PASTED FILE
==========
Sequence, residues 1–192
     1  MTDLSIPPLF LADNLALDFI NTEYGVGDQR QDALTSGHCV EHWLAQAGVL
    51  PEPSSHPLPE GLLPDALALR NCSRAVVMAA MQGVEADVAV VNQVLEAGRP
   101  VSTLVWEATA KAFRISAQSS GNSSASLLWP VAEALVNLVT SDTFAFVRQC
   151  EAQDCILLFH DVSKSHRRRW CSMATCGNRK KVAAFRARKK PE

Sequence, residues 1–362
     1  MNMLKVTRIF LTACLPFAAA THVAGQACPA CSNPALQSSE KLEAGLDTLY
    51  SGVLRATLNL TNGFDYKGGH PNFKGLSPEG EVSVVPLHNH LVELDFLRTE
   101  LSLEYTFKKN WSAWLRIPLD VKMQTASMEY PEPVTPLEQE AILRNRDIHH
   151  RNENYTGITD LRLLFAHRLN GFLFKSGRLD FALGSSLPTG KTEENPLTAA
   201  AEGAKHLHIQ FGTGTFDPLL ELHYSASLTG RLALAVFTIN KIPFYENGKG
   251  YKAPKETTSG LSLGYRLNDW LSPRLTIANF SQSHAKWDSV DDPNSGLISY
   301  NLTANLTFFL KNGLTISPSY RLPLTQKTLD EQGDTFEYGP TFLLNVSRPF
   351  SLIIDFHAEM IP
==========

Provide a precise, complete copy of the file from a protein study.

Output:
Sequence, residues 1–192
     1  MTDLSIPPLF LADNLALDFI NTEYGVGDQR QDALTSGHCV EHWLAQAGVL
    51  PEPSSHPLPE GLLPDALALR NCSRAVVMAA MQGVEADVAV VNQVLEAGRP
   101  VSTLVWEATA KAFRISAQSS GNSSASLLWP VAEALVNLVT SDTFAFVRQC
   151  EAQDCILLFH DVSKSHRRRW CSMATCGNRK KVAAFRARKK PE

Sequence, residues 1–362
     1  MNMLKVTRIF LTACLPFAAA THVAGQACPA CSNPALQSSE KLEAGLDTLY
    51  SGVLRATLNL TNGFDYKGGH PNFKGLSPEG EVSVVPLHNH LVELDFLRTE
   101  LSLEYTFKKN WSAWLRIPLD VKMQTASMEY PEPVTPLEQE AILRNRDIHH
   151  RNENYTGITD LRLLFAHRLN GFLFKSGRLD FALGSSLPTG KTEENPLTAA
   201  AEGAKHLHIQ FGTGTFDPLL ELHYSASLTG RLALAVFTIN KIPFYENGKG
   251  YKAPKETTSG LSLGYRLNDW LSPRLTIANF SQSHAKWDSV DDPNSGLISY
   301  NLTANLTFFL KNGLTISPSY RLPLTQKTLD EQGDTFEYGP TFLLNVSRPF
   351  SLIIDFHAEM IP